Saturday, 9 February 2019

Invasion Earth - Worm Composting

In order to turn this:

into this

you need a bit of help from these:

Today I decided to empty my mature 'dalek' composter so that I could start filling it afresh and leave the current one (I do have two you see), which is full to brimming, to rot down.

Current Composter
Current contents revealed

Mature composter
Mature contents revealed
Aside from the full capacity I have been prompted to record this event by a most interesting post on another blog.  Hot Composting

In the course of the ensuing discussion  I realised that I don't precisely know how long it takes me to fill one bin and move on to the next.  So in some ways this post is a stake in the ground to remind me of the date I stopped adding to the current (green) dalek. The clock is now running!  A really interesting comparison would be to run one bin with worms and one without, but I don't have the means to do that at present so that will have to wait.  As the worms seem to appear like magic it might not be that easy to engineer the no worm scenario.

Currently we are still in the grips of winter and worm activity will be focused primarily on survival. The will have migrated to the centre of the bin and not be feeding so much.  Once temperatures rise there will be a lot more activity and consumption.  The worms pictured above are escapees from the mature bin.  There's not much future in mining that pile (although there are still a few hundred hidden away within).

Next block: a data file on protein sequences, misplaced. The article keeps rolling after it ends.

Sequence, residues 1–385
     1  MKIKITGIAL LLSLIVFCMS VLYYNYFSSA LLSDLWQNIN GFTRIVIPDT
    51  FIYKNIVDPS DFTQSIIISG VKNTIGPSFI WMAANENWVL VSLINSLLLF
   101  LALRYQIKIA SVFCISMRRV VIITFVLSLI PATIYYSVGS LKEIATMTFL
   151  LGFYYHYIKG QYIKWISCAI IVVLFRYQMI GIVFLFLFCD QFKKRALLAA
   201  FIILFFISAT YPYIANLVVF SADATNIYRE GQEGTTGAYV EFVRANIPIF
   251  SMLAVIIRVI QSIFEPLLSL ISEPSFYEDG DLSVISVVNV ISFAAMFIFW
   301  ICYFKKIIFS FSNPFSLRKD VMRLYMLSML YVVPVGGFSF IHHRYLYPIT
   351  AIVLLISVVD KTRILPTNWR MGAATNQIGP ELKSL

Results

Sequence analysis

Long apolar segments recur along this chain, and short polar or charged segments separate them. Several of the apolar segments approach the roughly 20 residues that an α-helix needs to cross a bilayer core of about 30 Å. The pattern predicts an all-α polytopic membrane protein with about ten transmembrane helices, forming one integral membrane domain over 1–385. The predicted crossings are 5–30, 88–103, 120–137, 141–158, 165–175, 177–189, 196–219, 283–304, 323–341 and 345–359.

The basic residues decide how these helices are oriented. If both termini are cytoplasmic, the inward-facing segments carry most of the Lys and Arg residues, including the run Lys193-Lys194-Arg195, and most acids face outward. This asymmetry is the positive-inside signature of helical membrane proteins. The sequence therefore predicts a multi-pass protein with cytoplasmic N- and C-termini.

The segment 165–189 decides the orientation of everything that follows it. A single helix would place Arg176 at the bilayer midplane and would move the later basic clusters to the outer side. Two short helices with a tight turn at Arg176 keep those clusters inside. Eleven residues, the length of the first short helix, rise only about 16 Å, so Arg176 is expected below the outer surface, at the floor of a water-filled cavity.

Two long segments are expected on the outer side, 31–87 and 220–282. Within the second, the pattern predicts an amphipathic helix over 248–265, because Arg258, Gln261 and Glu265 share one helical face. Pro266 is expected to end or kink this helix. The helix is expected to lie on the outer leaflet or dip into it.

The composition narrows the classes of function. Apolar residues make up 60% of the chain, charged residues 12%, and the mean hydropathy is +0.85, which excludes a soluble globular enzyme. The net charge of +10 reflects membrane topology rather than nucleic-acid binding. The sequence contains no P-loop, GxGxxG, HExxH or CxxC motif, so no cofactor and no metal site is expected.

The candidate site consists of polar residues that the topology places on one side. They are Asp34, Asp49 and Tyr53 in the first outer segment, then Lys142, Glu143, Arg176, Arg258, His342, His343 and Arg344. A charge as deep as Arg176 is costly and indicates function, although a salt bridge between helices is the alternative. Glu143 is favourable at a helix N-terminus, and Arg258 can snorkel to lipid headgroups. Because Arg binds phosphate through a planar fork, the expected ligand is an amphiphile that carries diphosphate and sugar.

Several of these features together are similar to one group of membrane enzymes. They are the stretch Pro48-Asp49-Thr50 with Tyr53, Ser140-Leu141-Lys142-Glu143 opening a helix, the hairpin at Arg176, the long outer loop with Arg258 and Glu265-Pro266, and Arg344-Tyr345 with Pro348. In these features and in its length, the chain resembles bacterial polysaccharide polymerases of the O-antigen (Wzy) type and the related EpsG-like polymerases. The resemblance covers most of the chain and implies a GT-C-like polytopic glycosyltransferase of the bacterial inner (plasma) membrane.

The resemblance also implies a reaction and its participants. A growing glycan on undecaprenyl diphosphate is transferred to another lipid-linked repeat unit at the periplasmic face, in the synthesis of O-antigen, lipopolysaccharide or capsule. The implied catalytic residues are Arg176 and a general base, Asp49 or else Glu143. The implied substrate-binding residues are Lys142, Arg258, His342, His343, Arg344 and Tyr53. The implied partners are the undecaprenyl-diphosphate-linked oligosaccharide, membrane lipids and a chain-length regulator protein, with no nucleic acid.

In case you are wondering I store cardboard alongside the bin where it gets rained on and is to hand when I consider the balance between browns and greens (or carbon nitrogen ratio) needs redressing.  This is very subjective, as is the addition of water if I consider the mix has got to dry.  If the worms are all on the top it is definitely too wet  and if I start seeing ants that signals to me that it is far too dry. 

I feed my compost bins with kitchen waste  - about a caddy a day.  Coffee grounds, tea leaves, vegetable trimmings, excess cooked vegetables and paper all go in, fats, dairy, meat and bones are all excluded - they go into the Council food recycling caddy. 


  1. Have you ever thought of using a wormer?

  2. Do you mean 1. Auger or 2 . Wormery, or 3. Something else?

  3. Haha, 'I am a dalek' 😀
    I love compost and composting. And when you find a mass of fresh pinky worms - just lovely. We really need to mix our bins which are over-wintering rats or mice at the moment 😖

    1. It could be the pinky worms that attract the rodents or it could just be the shelter. Either way they are a pain!

  4. My compost bins have lots of worms, from the baby until the very big size.

    1. Hi Endah. How big (long) is a big compost worm in your part of the world?